[Python-Dev] Bare except clauses in PEP 348

Michael Chermside mcherm at mcherm.com
Thu Aug 25 14:28:44 CEST 2005

Raymond writes:
> Efforts to improve Py3.0 have spilled
> over into breaking Py2.x code with no compensating benefits. [...]
> We don't have to wreck 2.x in order to make 3.0 better.

I think you're overstating things a bit here.

> Remember, the ONLY benefit from the whole PEP is that in 3.0, it will no
> longer be necessary to write "except (KeyError, SystemExit):  raise".
> [...] IOW, there's nothing worth inflicting destruction on tons of
> 2.x code.

And now I *KNOW* you're overstating things. There are LOTS of benefits
to the PEP in 3.0. My own personal favorite is that users can be
guaranteed that all exceptions thrown will share a particular common
ancestor and type. And no one is proposing "destruction" of 2.x code.

On the other hand, I thought these were very good points:
> Bare
> except clauses appear in almost every Python book that has ever been
> written and occur at least once in most major Python applications.
> I had thought the plan was to introduce Py3.0 capabilities into 2.x as
> they become possible but not to break anything.
> I propose that the transition plan be as simple as introducing
> BaseException.  This allows people to write code that will work on both
> 2.x and 3.0.

I think the situation is both better than and worse than you describe. The
PEP is now proposing that bare "except:" be removed in Python 3.0. If I
understand Guido correctly, he is proposing that in 2.5 the use of
bare "except:" generate a PendingDeprecationWarning so that conscientious
developers who want to write code now that will continue to work in
Python 3.0 can avoid using bare "except:". Perhaps I'm misreading him
here, but I presume this was intended as a PENDINGDeprecationWarning so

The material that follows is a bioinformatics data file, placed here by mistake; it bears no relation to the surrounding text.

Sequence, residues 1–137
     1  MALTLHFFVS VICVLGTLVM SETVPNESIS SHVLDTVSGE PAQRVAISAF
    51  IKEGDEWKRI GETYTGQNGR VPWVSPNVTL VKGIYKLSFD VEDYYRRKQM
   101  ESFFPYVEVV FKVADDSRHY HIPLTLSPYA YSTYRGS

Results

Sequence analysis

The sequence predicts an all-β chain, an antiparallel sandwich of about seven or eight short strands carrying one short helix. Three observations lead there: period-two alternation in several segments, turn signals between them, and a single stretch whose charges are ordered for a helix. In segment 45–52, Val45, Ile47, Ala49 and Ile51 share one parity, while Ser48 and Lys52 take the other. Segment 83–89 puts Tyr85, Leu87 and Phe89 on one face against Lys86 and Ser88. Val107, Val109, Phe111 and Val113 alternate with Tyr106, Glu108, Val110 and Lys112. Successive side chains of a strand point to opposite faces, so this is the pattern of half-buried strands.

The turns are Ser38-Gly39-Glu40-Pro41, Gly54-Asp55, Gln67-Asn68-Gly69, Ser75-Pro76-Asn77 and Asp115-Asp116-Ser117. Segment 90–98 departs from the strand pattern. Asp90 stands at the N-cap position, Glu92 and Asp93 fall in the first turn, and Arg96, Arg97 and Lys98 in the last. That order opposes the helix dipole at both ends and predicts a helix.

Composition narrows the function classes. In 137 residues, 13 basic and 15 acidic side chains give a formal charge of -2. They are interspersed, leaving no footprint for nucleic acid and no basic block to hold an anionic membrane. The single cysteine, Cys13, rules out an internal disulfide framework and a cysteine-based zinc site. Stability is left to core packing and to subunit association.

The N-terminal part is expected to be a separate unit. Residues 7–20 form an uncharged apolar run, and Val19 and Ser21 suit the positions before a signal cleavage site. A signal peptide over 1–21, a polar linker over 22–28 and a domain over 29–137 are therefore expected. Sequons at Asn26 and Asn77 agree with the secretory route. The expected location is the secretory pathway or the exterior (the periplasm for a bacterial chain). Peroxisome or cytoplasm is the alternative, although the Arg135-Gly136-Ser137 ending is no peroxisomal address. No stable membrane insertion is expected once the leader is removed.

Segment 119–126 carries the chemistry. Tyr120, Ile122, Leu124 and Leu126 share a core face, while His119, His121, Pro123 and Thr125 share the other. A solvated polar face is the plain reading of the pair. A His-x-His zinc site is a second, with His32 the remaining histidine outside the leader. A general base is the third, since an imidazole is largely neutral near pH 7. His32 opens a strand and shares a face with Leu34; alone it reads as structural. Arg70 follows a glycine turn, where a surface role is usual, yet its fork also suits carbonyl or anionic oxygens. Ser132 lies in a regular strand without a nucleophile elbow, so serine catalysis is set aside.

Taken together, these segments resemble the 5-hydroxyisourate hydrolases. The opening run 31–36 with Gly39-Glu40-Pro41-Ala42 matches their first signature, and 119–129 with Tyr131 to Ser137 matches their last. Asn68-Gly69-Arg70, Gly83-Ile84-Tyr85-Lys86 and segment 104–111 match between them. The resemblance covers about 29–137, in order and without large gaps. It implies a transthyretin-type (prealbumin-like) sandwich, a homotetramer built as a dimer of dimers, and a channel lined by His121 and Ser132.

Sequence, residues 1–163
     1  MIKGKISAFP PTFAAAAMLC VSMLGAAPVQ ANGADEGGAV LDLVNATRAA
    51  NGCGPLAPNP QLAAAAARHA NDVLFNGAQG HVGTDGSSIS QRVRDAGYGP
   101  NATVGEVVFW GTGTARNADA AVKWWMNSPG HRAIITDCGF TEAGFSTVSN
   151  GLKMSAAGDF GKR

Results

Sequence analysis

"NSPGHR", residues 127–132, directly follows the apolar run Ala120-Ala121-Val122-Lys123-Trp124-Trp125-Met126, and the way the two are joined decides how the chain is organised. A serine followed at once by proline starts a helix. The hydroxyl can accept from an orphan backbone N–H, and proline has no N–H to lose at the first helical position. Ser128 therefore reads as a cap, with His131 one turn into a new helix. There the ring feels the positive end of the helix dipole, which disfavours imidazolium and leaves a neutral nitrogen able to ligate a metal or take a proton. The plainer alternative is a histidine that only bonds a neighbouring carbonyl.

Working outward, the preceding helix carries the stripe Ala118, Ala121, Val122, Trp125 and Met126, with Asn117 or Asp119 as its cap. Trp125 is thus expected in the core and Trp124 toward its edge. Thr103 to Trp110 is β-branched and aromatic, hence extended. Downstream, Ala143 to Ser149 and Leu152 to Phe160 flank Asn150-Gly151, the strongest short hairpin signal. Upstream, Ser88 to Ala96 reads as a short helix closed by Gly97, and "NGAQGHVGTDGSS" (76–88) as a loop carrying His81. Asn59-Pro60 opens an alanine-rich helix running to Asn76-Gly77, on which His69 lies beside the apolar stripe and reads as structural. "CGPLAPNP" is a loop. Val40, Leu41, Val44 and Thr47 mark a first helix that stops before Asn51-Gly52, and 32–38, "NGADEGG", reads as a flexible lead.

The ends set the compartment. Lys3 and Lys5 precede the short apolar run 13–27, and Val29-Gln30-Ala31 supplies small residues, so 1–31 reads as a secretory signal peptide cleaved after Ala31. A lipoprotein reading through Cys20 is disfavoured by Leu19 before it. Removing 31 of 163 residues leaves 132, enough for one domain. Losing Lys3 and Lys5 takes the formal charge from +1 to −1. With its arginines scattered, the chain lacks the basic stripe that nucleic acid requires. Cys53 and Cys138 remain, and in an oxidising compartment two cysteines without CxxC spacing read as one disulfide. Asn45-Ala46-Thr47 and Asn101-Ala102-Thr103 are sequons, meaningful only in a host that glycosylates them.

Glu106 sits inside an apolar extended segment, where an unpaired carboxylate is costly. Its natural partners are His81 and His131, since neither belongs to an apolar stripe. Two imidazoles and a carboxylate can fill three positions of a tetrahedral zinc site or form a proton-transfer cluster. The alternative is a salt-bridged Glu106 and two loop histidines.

that it's easy to ignore.

But it's a bit worse than it might seem, because conscientious users
aren't ABLE to write safe 2.5 code that will run in 3.0. The problem
arises when you need to write code that calls someone else's library
but then unconditionally recovers from errors in it. Correct 2.4 syntax
for this reads as follows:

        my_result = call_some_library(my_data)
    except (KeyboardInterrupt, MemoryError, SystemError):

Correct 3.0 syntax will read like this:

        my_result = call_some_library(my_data)
    except (KeyboardInterrupt, MemoryError, SystemError):
    except BaseException:

But no syntax will work in BOTH 2.5 and 3.0. The 2.4 syntax is
illegal in 3.0, and the 3.0 syntax fails to catch exceptions that
do not inherit from BaseException. Such exceptions are deprecated
(by documentation, if not by code) so our conscientious programmer
will never raise them and the standard library avoids doing so.
But "call_some_library()" was written by some less careful
developer, and may well contain these atavisims.

The only complete solution that comes to mind immediately is for
the raising of anything not extending BaseException to raise a
PendingDeprecationWarning as well. Then the conscientious developer
can feel confident again so long as her unit tests are reasonably
exhaustive. If we cannot produce a warning for these, then I'd
rather not produce the warning for the use of bare "except:".
After all, as it's been pointed out, if the use of bare "except:"
is all you are interested in it is quite easy to grep the code to
find all uses.

-- Michael Chermside

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